Available on: Sub Pop
No one likes a bandwagon, of course, but if anything it’s a surprise that there aren’t more contemporary acts out there following the example of Death Grips and Yeezus, chaining up hip-hop and subjecting it to exquisite tortures. Back in the day, the likes of Sensational, Def Jux and Dälek almost made noise-rap into a movement. As a niche goes, though, it’s curiously unpopulated, perhaps because if hip-hop’s your thing, there are far easier ways to make a dollar.
There is, however, Clipping. A Los Angeles-based trio comprising of MC Daveed Diggs and two producers, Jonathan Snipes and William Hutson, Clipping are not the first hip-hop group to sign to Sub Pop – who, in recent years, have put out records by Shabazz Palaces and Thee Satisfaction – but somehow manage to combine being both the most orthodox and the most sonically abrasive. Orthodox, because Diggs is, by nature, a pretty straightforward MC – undoubtedly skilful, but neither formally adventurous nor undie cryptic, his rabbity double-time rhymes a little reminiscent of Big Boi. It’s Snipes and Hutson who are responsible for dragging the trio’s second long-player into outré realms, their dense, destroyed productions taking timbres more befitting of harsh noise, industrial and extreme electronic productions and moulding them into body-popping funk.
Thematically, Diggs does his best to match savage sounds with appropriate subject matter. The other side of the wheedling, tinnitus-prompting ‘Intro’, ‘Body And Blood’ finds the trio setting out their pitch, offering entry to an S&M dungeon of slamming slo-mo gabba beats and squealing power drills with lyrics that rhyme “cleavers” with “femurs” and “incisors” with “pliers” (an accompanying NSFW video, meanwhile, is not for the squeamish).
There is artistry in their intensity, though. ‘Inside Out’ is an strong showcase for Diggs’ observational storytelling, assembling a richly detailed description of a murder scene that describes everything, from the preachers on the sidewalk to the hologram Jesus portrait on the wall to the screeching tyres of the perpetrator making his escape, eluding only what happened in this altercation, and why. ‘Tonight’, meanwhile, is a neat encapsulation of Clipping’s fractured relationship with contemporary hip-hop, perverting ‘In Da Club’-style stereotypes into repulsive caricature. Diggs is a horny punter cruising the club for girls at closing time, warbling the chorus through syrupy Auto-Tune: “It’s time to figure out/Who you’re fuckin’ tonight…” Then in lurches guest MC Gangsta Boo (“drunker than I ever been/higher than I ever been”), and the pair head back to a dilapidated house with missing floorboards, their consequent drug-fuelled rutting described with a detail that’s intentionally grotesque.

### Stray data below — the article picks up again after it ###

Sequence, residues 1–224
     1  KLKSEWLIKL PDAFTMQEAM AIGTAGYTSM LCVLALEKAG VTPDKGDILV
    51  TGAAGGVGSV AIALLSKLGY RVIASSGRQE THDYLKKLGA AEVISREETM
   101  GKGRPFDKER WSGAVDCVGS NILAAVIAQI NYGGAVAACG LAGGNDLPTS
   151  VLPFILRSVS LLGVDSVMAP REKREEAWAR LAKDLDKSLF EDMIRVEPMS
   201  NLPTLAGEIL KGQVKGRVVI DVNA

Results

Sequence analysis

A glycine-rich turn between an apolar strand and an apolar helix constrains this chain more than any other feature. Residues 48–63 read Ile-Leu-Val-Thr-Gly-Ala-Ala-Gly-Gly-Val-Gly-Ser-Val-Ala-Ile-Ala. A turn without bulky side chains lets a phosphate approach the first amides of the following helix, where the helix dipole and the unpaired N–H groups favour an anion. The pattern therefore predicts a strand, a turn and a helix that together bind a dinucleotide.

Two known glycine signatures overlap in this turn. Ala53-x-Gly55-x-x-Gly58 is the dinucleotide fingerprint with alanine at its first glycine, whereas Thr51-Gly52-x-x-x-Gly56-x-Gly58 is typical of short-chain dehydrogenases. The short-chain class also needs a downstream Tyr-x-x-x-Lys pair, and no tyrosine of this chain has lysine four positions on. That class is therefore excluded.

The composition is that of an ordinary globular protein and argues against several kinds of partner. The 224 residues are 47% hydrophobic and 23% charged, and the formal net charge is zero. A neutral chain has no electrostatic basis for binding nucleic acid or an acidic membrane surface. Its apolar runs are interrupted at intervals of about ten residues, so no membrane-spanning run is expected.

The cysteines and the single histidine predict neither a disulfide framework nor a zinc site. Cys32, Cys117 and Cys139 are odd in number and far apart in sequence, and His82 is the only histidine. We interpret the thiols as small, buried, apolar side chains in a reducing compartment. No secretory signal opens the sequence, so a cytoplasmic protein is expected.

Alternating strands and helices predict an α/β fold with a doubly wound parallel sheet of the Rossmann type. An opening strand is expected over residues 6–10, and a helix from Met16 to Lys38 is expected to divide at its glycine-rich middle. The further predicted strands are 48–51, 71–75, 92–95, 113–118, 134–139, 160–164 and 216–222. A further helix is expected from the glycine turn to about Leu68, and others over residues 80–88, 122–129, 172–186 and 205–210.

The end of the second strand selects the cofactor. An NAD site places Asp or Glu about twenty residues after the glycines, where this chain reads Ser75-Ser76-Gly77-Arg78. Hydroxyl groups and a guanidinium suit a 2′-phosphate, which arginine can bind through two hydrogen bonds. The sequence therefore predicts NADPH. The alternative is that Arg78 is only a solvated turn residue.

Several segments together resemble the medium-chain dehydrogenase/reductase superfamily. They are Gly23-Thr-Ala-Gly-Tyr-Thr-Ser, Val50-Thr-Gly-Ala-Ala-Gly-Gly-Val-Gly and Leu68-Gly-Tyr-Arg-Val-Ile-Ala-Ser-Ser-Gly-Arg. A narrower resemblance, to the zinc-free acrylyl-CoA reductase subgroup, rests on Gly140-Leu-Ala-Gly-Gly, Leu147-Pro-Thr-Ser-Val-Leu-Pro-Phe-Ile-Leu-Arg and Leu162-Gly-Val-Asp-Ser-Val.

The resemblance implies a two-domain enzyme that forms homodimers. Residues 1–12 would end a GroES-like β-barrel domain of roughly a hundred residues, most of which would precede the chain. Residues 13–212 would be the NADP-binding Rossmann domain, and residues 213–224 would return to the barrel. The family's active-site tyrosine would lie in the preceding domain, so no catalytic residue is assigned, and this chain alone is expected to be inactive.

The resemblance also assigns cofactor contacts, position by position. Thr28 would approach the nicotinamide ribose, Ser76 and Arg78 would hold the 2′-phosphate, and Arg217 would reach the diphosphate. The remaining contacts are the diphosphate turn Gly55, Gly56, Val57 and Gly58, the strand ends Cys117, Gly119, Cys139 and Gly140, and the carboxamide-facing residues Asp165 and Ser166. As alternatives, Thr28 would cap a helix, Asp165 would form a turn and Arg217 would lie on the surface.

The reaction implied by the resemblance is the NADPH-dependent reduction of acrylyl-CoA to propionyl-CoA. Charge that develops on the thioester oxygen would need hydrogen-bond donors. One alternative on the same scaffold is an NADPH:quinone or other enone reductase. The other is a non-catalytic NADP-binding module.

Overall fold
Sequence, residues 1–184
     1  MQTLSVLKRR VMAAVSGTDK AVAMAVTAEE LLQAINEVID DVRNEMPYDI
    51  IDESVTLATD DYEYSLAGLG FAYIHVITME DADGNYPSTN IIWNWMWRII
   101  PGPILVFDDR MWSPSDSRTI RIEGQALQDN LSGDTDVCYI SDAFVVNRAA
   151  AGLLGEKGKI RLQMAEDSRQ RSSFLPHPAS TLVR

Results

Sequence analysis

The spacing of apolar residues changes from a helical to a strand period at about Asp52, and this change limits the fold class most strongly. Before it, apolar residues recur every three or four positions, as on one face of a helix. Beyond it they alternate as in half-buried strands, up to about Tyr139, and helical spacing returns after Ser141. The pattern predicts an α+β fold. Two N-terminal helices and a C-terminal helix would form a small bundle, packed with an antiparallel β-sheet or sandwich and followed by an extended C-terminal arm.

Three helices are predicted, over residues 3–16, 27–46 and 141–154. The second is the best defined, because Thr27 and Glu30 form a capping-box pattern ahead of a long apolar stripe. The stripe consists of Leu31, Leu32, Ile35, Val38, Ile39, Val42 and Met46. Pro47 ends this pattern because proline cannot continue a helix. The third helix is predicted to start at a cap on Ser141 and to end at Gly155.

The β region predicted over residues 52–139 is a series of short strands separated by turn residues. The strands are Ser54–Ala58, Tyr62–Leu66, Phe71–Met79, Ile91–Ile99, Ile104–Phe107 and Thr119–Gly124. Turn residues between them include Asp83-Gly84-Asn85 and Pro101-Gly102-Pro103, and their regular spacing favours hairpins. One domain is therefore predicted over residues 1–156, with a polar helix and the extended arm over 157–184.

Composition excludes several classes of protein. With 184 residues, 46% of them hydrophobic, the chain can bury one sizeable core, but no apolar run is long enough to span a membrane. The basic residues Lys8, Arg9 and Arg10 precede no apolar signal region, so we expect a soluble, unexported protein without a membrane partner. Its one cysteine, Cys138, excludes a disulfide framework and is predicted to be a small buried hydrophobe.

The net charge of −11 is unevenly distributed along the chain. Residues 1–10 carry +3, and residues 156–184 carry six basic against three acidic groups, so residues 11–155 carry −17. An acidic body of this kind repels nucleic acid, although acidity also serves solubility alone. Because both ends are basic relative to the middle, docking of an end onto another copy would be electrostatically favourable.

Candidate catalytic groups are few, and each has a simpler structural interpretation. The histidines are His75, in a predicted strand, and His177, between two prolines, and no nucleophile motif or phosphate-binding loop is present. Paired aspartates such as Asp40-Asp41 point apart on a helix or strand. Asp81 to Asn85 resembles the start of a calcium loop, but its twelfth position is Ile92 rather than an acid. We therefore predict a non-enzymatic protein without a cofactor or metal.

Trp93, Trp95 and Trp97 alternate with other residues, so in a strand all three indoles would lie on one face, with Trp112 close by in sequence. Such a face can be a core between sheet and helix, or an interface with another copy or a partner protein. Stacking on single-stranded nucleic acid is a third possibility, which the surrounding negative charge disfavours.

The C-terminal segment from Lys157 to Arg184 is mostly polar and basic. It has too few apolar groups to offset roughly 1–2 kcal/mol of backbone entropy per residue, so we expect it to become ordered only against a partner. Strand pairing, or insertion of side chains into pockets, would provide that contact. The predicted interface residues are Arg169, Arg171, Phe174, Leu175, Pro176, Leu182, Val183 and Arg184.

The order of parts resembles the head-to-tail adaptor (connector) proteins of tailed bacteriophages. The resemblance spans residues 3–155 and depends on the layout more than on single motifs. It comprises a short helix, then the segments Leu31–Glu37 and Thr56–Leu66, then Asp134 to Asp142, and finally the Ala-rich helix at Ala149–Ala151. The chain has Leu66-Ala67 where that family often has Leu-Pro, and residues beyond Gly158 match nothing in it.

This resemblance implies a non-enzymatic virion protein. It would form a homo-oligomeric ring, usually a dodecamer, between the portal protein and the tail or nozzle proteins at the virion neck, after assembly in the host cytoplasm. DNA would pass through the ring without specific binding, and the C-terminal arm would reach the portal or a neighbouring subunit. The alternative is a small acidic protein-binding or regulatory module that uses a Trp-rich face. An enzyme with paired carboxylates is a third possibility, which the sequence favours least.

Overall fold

For all the experimental leanings of its production, CLLPNG is a surprisingly easy listen: you sense, listening to the ringing chimes and growling bass of ‘Summertime’, or the glitching repetitions of ghetto anthem ‘Ends’, that Snipes and Hutson get a kick out of reconstituting avant-garde sounds into something you might be able to blast from a jeep. For final track ‘Williams Mix’, though, they toss all pretentions to accessibility out the window and pass the album to Tom Erbe, professor of computer music at UC San Diego, who collages it into four minutes of disorientating noise. An uncharacteristically difficult end to a record that’s not quite a paradigm smasher, but a must-hear for anyone who likes their hip-hop weird and with teeth.